Friday, May 21, 2010

Reflecting on Malcolm X

(This is a piece I co-wrote on Malcolm X is celebration of his birthday this past Wednesday - I've long believed him to be among the most misunderstood figures of the 20th century and I consider him a personal inspiration)
As published in the Los Angeles Sentinel, May 20, 2010
With his 85th birthday celebration this week, his message resonates as boldly as they did 50 years ago

By Evan Barnes, Sentinel Sports Editor
and Nicholas P. Quarles, Sentinel Intern

45 years after his death, Malcolm X remains one of the most captivating figures of the 20th century and his impact among Black people worldwide remains as vital as it did in the 1950's and 60's.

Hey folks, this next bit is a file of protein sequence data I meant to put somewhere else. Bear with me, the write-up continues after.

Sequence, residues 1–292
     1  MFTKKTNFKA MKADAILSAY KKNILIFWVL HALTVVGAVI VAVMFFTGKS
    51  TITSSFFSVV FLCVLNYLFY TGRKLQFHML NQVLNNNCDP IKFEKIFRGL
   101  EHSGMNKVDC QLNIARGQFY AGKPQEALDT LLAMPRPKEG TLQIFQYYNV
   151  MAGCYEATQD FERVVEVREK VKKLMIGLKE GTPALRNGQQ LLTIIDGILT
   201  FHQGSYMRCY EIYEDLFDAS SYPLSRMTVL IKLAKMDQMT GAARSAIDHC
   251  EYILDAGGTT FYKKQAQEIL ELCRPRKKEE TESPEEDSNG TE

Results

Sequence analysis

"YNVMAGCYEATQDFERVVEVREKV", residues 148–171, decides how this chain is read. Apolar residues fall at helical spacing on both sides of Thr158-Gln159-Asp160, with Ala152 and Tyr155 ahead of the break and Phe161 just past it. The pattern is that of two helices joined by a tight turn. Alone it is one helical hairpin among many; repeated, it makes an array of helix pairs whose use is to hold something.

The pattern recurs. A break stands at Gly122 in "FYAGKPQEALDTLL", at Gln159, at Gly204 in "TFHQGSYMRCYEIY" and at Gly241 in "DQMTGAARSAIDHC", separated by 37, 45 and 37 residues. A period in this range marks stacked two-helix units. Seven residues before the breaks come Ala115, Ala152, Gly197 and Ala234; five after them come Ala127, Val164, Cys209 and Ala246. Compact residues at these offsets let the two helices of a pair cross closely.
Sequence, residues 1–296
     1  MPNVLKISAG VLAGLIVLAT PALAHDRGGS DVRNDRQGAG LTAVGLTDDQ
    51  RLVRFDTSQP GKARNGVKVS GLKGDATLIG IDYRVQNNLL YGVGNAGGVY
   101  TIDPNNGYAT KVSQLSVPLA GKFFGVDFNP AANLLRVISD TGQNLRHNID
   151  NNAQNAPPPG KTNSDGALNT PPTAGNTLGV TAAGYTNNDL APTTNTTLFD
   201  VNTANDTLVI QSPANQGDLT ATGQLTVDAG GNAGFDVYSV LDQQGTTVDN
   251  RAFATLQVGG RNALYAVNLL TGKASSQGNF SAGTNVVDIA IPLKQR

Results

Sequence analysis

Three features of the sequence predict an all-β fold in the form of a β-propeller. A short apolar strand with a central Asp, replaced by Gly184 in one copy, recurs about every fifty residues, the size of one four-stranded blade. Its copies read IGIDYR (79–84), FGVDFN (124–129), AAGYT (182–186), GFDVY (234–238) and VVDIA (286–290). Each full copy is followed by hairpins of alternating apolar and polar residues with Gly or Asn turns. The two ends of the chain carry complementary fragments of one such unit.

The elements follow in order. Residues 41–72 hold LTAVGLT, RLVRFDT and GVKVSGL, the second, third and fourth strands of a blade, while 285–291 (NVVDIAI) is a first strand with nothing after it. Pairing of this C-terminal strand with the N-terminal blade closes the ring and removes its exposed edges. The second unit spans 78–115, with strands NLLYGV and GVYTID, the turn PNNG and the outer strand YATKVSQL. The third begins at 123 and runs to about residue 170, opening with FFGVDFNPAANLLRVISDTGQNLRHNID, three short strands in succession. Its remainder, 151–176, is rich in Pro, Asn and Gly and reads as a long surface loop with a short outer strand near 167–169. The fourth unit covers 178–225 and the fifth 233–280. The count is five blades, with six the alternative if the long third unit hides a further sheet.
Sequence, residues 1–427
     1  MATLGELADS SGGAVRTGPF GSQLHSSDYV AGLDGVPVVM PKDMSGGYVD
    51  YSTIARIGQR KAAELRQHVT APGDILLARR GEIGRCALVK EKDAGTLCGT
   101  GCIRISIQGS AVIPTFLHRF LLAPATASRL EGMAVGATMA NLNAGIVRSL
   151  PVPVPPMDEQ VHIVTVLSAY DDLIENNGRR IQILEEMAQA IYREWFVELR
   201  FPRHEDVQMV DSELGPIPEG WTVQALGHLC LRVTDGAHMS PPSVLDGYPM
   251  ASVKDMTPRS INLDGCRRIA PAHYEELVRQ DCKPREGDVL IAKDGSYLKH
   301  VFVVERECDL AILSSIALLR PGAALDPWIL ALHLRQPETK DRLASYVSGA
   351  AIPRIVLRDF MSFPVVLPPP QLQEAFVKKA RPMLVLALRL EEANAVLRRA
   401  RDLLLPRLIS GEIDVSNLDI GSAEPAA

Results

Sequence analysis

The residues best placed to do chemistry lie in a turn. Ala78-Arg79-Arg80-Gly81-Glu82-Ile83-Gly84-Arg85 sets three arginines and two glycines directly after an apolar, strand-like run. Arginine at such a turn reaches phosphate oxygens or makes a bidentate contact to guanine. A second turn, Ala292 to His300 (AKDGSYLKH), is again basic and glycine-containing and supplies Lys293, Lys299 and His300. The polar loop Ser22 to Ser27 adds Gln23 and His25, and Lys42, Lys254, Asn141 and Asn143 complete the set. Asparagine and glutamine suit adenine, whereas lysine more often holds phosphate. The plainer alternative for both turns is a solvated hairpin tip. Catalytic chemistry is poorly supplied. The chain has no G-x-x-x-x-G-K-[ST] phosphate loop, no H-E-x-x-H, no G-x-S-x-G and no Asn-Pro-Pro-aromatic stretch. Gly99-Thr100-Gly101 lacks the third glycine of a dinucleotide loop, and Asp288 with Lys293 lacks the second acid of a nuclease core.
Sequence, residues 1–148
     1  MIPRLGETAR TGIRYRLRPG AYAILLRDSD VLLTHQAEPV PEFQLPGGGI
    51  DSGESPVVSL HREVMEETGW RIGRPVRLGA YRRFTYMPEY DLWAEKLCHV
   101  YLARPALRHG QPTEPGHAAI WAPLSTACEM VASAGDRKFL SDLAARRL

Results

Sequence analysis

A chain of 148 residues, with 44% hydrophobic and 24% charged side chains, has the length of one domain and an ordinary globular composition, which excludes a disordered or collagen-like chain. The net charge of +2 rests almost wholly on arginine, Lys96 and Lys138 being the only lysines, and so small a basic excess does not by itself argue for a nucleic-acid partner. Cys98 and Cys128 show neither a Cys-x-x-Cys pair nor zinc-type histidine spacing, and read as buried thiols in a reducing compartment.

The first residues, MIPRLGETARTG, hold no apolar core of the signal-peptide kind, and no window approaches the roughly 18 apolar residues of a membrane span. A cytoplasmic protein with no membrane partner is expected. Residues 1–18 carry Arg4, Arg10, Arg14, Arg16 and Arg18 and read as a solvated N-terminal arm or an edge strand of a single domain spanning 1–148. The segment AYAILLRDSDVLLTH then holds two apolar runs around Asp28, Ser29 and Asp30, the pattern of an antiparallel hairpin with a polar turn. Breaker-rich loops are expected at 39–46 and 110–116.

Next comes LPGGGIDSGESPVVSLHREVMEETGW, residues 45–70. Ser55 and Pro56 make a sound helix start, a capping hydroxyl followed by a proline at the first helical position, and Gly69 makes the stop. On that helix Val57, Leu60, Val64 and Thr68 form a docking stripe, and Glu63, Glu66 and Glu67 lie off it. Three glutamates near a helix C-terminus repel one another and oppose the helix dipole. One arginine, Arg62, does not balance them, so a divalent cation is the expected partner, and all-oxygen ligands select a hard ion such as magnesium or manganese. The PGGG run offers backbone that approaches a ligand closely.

He also remains among one of the most misunderstood individuals of the 20th century. A man whose fiery, unapologetic persona overshadowed the eloquence he shared in articulating the Black struggle in America and then worldwide.

To Black people, Malcolm he remains the shining prince that the late actor Ossie Davis spoke of at his eulogy. To White people and others today, he epitomizes standing for what you believe and not letting the powers that be dictate how you should live.

May 19 would have been his 85th birthday and we'll take a look at reasons why his message remains as alive as ever.


Malcolm spent six years in prison for larceny and burglary. Unlike many activists and leaders, he was sentenced for criminal behavior and being a wayward youth.